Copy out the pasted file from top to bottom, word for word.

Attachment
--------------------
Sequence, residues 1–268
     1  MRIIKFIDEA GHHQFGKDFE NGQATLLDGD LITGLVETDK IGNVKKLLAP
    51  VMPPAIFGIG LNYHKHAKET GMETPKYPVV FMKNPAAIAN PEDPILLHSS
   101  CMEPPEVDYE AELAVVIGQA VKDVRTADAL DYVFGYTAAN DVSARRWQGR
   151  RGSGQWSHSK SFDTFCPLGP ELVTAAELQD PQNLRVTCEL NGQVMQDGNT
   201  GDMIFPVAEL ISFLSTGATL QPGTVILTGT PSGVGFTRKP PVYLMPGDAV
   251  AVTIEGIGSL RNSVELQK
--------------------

Sequence, residues 1–268
     1  MRIIKFIDEA GHHQFGKDFE NGQATLLDGD LITGLVETDK IGNVKKLLAP
    51  VMPPAIFGIG LNYHKHAKET GMETPKYPVV FMKNPAAIAN PEDPILLHSS
   101  CMEPPEVDYE AELAVVIGQA VKDVRTADAL DYVFGYTAAN DVSARRWQGR
   151  RGSGQWSHSK SFDTFCPLGP ELVTAAELQD PQNLRVTCEL NGQVMQDGNT
   201  GDMIFPVAEL ISFLSTGATL QPGTVILTGT PSGVGFTRKP PVYLMPGDAV
   251  AVTIEGIGSL RNSVELQK